THE PUBLIC-IZATION OF THE PRIVATE SECTOR AND THE FUTURE OF GOVERNANCE
What we think of today as the ‘public sector’ did not begin that way. This point of history makes an intriguing backdrop for thinking about power shifts today. The UK Parliament, for example, has its roots in the concerns of 13th century nobility and their rebellion against what they saw as the king’s overreach. Nevertheless, nobles, who were also advisors to the King on issues such as diplomacy and trade, slowly evolved to become a body representing not only their own interests, but the rights and interests of others.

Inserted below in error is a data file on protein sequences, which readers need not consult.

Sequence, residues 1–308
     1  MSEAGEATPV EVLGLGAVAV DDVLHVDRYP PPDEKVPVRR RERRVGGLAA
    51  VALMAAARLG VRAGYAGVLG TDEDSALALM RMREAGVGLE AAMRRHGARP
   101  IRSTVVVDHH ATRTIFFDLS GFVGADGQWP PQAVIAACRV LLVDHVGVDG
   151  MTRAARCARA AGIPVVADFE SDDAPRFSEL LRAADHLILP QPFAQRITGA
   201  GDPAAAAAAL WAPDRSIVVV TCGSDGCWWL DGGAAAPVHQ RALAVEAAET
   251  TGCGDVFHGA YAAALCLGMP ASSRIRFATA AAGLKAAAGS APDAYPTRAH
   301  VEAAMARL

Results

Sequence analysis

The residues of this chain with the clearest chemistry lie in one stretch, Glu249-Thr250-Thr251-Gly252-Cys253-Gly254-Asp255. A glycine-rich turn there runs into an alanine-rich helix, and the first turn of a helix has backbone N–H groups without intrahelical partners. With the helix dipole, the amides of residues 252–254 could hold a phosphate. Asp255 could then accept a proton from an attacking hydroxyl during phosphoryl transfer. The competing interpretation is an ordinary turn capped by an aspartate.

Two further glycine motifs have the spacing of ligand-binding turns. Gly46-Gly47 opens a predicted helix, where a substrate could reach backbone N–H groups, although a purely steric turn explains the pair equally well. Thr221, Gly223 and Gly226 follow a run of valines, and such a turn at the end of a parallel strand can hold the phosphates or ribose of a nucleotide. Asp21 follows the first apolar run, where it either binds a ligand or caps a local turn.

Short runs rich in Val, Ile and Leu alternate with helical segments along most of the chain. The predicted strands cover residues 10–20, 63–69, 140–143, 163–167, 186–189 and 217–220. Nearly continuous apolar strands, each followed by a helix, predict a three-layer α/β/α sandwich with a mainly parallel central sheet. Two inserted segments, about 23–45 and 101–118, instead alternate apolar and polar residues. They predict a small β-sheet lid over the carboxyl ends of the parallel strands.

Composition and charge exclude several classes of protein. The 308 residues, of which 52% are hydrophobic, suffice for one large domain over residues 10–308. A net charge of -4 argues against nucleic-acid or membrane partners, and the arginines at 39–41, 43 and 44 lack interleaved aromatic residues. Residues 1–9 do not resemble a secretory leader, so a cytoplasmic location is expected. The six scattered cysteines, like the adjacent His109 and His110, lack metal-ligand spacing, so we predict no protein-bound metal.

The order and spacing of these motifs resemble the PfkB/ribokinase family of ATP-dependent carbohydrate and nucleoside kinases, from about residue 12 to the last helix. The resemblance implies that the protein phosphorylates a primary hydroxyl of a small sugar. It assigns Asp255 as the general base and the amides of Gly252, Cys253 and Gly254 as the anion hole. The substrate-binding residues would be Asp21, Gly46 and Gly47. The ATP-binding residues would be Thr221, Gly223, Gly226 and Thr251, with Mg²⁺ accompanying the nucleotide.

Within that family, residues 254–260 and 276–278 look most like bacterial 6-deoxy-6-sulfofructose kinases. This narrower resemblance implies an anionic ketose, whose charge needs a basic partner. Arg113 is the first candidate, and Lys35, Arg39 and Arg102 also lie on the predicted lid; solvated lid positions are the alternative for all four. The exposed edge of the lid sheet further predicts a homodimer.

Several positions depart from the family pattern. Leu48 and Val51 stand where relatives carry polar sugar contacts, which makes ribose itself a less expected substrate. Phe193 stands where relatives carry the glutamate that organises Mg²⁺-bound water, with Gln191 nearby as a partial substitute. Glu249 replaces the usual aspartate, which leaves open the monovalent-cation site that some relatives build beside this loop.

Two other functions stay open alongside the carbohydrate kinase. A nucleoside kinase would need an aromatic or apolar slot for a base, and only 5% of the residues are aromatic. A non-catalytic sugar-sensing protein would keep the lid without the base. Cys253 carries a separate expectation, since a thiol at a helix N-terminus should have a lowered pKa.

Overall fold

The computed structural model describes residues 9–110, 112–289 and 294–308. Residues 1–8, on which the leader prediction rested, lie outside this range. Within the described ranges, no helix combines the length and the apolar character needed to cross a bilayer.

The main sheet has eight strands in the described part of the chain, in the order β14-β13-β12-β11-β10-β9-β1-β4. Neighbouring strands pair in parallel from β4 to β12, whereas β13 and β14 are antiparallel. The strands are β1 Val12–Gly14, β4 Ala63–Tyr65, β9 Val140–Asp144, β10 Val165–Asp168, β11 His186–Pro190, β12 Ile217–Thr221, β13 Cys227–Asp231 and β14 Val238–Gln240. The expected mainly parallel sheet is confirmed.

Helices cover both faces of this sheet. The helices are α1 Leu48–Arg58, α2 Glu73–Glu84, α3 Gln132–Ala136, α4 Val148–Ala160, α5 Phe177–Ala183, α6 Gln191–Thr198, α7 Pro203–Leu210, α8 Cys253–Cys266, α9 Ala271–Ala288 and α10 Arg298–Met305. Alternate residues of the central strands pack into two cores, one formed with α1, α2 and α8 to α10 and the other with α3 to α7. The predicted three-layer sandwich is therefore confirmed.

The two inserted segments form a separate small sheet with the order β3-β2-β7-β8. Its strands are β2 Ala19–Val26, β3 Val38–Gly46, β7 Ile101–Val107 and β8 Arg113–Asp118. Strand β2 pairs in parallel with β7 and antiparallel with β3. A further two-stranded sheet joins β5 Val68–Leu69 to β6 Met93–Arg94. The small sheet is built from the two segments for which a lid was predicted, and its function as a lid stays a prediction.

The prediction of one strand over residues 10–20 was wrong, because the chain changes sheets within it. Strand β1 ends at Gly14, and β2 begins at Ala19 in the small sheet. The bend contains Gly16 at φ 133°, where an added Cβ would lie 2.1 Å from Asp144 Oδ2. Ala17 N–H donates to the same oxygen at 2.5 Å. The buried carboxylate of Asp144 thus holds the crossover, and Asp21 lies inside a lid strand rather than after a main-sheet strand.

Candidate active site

Even though this is a radical simplification of history, it provides an intriguing backdrop to today. There are many signals that today’s private sector leaders and institutions are being pulled into engaging with public, civic issues more intensely. Technological changes are intensifying the pull toward engagement.
Could today’s private sector be next century’s public sector? In 2019 I will be publishing and speaking on the implications of this possibility.